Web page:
The concrete paving industry is rapidly evolving, with advanced paving technologies, improved paving practices, and better-quality pavements pushing the market forward.
1. New paving technologies
Technologies are making concrete paving more efficient, more accurate, more automated, and more connected.
For example, Gomaco concrete pavers feature Gomaco’s exclusive G+ Connect—a CAN-based network using proprietary software to connect all control systems on a Gomaco paver, including electronics, hydraulics, and machine control technology. The system connects sensors to the machine’s valve drives to drive tighter, faster, and more accurate machine corrections, leading to better quality pavements.
These intelligent, self-programming valves understand and can “automatically react and self-adjust to the dynamics of the machine for automatic correction of the paver’s elevation, steering, pivoting, travel control, anti-slip positive traction of the tracks and more” according to a Gomaco press release. Plus, G+ controls now incorporate Gomaco’s new vibrator monitoring system, which allows the operator to monitor, control, and diagnose each individual vibrator on a paver.
2. Concrete smoothness reaches new lows
The new Gomaco Navigator software for pavers brings all of the G+ paver accessories together for easy monitoring and control using a touchscreen display, which can be mounted on the paver at ground level; this allows ground personnel to make adjustments to the paver’s performance and also configure settings for the Gomaco Smoothness Indicator (GSI)—a tool for measuring the smoothness of the concrete.
“By controlling machine functions with a computer, pavements have become much smoother over the last 20 years,” says Matt Zeller, Executive Director, Concrete Paving Association of Minnesota. “I rewrote smoothness standards for the Minnesota Department of Transportation (MNDOT) 25 years ago. People didn’t believe those standards could be achieved but we paid incentives to get concrete rated at lower IRI (international roughness indicator) standards. Contractors achieved those standards and eventually that standard became the norm. On the IRI, we specified pavements below 80 and then 60 and eventually, ours were in the 30s and 40s.”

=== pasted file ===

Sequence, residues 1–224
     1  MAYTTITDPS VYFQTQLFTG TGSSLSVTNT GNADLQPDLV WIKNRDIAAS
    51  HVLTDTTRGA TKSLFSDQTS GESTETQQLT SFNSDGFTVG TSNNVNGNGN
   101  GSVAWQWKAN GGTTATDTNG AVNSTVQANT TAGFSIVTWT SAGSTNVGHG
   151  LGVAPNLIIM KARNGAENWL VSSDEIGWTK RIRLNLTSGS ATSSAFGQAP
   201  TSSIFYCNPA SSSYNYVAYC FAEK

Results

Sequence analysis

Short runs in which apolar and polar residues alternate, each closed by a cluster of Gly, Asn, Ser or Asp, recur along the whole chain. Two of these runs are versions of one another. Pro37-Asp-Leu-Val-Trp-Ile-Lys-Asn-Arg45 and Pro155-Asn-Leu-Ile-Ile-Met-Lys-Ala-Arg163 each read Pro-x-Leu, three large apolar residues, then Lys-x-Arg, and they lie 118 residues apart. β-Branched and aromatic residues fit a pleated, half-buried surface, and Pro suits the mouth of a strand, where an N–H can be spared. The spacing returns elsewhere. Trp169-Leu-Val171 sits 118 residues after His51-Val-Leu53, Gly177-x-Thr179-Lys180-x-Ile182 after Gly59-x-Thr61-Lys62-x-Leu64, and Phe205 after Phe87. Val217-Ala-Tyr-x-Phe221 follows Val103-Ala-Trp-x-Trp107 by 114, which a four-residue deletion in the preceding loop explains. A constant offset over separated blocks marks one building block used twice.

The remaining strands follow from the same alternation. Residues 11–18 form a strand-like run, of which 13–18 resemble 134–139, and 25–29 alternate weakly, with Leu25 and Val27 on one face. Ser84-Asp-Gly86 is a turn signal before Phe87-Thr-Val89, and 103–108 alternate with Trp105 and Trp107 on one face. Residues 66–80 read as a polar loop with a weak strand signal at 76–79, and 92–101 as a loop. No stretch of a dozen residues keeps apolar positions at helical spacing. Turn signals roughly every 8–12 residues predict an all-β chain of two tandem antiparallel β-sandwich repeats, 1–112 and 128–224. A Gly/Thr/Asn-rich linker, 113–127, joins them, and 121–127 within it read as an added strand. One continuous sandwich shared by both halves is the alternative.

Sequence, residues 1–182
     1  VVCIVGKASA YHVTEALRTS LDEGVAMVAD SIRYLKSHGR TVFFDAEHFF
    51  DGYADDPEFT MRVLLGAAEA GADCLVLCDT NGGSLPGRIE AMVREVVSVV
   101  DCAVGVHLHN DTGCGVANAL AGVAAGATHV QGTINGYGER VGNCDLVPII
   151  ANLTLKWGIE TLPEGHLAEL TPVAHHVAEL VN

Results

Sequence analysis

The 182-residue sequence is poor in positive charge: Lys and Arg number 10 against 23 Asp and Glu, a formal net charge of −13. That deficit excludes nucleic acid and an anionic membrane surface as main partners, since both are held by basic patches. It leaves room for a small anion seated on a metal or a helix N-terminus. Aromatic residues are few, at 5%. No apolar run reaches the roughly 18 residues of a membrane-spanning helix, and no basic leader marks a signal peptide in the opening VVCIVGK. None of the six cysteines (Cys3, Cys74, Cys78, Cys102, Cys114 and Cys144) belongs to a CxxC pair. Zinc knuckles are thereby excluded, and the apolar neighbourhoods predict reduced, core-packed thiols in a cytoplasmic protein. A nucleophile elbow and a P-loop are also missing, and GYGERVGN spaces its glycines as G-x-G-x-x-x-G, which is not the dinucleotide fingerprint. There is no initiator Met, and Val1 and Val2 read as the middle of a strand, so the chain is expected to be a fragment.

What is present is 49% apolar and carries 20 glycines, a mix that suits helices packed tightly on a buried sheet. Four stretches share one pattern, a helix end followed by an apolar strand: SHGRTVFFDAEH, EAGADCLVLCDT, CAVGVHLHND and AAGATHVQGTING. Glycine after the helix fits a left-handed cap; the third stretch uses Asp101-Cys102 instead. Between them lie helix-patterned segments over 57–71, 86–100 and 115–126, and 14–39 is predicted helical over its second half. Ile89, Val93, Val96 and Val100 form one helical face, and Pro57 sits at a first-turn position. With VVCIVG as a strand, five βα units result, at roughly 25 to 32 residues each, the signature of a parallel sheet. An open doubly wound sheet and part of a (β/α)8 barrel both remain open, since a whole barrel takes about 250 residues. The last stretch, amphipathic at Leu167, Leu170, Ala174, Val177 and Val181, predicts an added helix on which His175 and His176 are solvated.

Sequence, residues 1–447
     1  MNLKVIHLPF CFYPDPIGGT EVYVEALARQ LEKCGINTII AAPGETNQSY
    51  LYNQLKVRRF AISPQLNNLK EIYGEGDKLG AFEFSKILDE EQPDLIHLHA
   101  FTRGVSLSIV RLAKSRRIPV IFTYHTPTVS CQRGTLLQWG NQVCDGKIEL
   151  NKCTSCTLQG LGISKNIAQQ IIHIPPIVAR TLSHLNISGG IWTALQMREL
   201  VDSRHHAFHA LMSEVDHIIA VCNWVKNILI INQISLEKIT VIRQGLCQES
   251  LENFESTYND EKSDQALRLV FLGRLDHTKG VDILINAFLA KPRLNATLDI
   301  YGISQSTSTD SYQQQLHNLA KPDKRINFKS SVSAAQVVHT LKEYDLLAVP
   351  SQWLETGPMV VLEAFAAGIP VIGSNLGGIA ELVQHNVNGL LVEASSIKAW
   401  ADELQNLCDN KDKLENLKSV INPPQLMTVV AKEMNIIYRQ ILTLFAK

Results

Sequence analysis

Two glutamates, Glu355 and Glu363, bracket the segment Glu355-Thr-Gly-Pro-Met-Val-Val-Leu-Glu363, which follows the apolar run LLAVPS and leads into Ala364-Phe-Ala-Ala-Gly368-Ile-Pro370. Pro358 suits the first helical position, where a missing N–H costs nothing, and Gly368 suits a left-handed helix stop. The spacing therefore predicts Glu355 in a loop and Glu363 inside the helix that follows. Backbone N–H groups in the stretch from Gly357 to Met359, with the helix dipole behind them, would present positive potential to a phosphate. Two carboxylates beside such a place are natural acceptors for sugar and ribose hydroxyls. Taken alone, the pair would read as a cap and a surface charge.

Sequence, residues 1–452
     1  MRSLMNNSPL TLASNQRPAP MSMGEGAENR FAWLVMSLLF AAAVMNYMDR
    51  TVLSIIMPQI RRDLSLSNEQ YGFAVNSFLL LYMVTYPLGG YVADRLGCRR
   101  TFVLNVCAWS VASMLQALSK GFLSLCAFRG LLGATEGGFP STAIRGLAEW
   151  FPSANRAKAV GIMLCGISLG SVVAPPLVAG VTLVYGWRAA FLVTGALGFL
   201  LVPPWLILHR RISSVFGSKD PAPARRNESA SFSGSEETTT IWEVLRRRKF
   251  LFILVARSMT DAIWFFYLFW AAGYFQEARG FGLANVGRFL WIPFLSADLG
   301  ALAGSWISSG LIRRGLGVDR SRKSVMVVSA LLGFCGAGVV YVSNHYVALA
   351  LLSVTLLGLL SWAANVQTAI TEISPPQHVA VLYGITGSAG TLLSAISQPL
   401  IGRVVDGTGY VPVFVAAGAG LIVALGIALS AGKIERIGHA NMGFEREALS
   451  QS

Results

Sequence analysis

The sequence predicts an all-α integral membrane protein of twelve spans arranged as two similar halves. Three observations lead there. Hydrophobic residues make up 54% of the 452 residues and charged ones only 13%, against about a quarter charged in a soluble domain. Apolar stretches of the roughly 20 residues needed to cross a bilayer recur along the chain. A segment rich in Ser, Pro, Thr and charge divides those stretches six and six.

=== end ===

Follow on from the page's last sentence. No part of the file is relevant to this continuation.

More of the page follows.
3. Smart paving
However, according to Zeller, the technological transformation, which is making the greatest transformation on job sites is the move to stringless paving, which is also referred to as “smart paving", and is part of a larger concept called “smart construction”.
“Back in the good old days, people would pummel wooden hubs into the ground, which would determine grade and it was very labor-intensive,”: he says. “Now, the process has become more automated. Manufacturers have been able to develop a model that incorporates profile thickness; new pavers and graders can see elevations and react accordingly. The practice of using stringless technology is really growing fast.”
4. Machine-to-machine communication
One step beyond this is machine-to-machine (M2M) communication, which is now possible via the Gomaco G+ control and Navigator display. According to the company, when a “Gomaco paving train is at work on a project, the [company’s] GP3 paver now has the ability to talk to the other Gomaco equipment on the project with a G+ control system. For example, if a Gomaco placer/spreader is at work in front of a GP3 paver, the paver and the concrete being placed in front of the paver are too low, it can tell the placer/spreader to raise its strike-off and allow more concrete to be placed.”
5. Move to electric?
Besides the above, pavers are being equipped with telematics for remote diagnostics, troubleshooting, and software updates, as well as an optional onboard camera and wireless capability. Manufacturers of concrete equipment are also turning more and more to electronic power—Gomaco recently introduced the CC-1200e electric curb machine (with a power-dense 48 VDC lithium-ion battery pack).
6. High-performance engineered concrete mixes
Besides the largely digital advances, there are advances in the physical aspects of concrete paving.
“There’s a huge push around the country—the Federal Highway Administration and professors—to catalog and evaluate Performance Engineered Mixes (PEMs),” says Zeller, “These high-performance mixes have less cement content, which acts like the glue in concrete and is the most expensive. Performance engineered mixtures lower water demand while also becoming more workable. Although this concept has been around since the mid-‘90s; it’s really starting to take off. The National Concrete Pavement Technology Center (CP Tech Center) at Iowa State University is putting a lot of effort into high-engineered concretes.”
According to Peter Taylor, Executive Director, CP Tech Center, the center is focusing on PEMS, as well as several other initiatives that improve the concrete paving process including:
- Measurement and reduction of the carbon footprint at all stages in the life of a pavement
- Overlays continue to be a significant tool in delivering sustainable roadways
- Measurement of the parameters that will help contractors move toward machine automation – again – what do we measure and what can be done with the data to change construction processes on the fly
- Internal curing
- Recycling of byproducts from construction and other industries
“With better mixes, processes, and technologies, the concrete construction industry will become more attractive to job seekers and construction becomes much more efficient."